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Indian economy, European generics and more...

Apr 8, 2008

  • Morgan Stanley (through its Global Economic Forum) has revised India's GDP growth estimates in light of the increasing commodity prices, rising inflation and credit turmoil in the developed world. It has revised the GDP growth estimates to 7.1% from 7.4% for FY09 and to 7.6% from 7.8% for FY10. The firm has cited slowdown in two-wheeler sales, consumer durables production and mortgaging lending as signs that the economy is slowing. While the production growth of consumer goods has slumped to 4.3% during the three months ended January 2008 from the peak of 18.5% in June 2005, two-wheeler sales have been declining year on year for the past 11 months. Growth in fresh mortgage disbursements has remained low at single-digit levels for the last few quarters. Export growth has also been hampered due to the sharp appreciation of the rupee against the dollar.

    As per Morgan Stanley, export growth in rupee terms has weakened to an average of 7.9% over the past six months compared with 23.3% during the 12 months ended March 2007. While the obvious measure in such a scenario would be to reduce interest rates to boost consumption, escalating food prices and a consequent rise in inflation has meant that the RBI is unlikely to soften the interest rates until the inflation is brought down to respectable levels. Indian stockmarkets have also had to bear the brunt of huge selling pressure due to the outflow of FII money as the saga of the global credit crunch painstakingly unravels coupled with the surging inflation back home.

  • Dr.Reddy's acquisition of an Italian generics company last week highlights the fact that the region continues to attract domestic pharma companies despite the intensifying pricing pressure of late (Germany for instance). In the European markets, most of the healthcare costs are borne by the state. Being a heterogeneous market, the growth of generics varies country by country. For instance, while the generic penetration is high in the UK and Germany, it has yet to gain pace in Spain, France and Italy. That said, in many European countries, pharmacies and doctors are being encouraged to prescribe generic products, which can also be gauged by the fact that generics have been growing at a faster clip than the total pharmaceutical market in Europe.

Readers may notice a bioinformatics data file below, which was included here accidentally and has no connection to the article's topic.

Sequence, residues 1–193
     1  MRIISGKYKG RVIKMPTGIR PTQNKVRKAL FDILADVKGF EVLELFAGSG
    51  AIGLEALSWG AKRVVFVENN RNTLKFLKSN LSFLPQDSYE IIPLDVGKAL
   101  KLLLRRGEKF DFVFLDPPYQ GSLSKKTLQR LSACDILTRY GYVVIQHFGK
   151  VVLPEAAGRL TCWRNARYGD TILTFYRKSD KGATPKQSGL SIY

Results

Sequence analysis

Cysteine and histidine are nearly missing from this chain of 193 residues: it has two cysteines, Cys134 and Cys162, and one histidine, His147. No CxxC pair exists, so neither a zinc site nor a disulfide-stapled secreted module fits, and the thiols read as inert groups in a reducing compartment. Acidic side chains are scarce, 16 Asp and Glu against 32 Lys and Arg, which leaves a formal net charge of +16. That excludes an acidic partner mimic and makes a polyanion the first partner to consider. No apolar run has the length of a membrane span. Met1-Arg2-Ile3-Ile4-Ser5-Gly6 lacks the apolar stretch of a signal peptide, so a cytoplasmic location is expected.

Pricing trends are different for every country as well. Although the generic share in volume terms for the US is the world's largest, the share in value terms is relatively lower than either the UK or the German market. This is due to the fact that the price difference between generics and branded drugs in Europe is much narrower than that in the US. Also, due to the absence of any 180-day exclusivity period in Europe, prices for generic drugs throughout their life-cycle tend to remain more stable. To put things in perspective, typically in the US, during the 180-day exclusivity period, a generic company prices its products approximately 30% below the price of the branded drug. Once this period concludes and more players launch products, prices erode by as much as 90%. This kind of volatility is not witnessed in the European markets (the latter not providing the 180-day exclusivity), though prices do decline with increasing competition.


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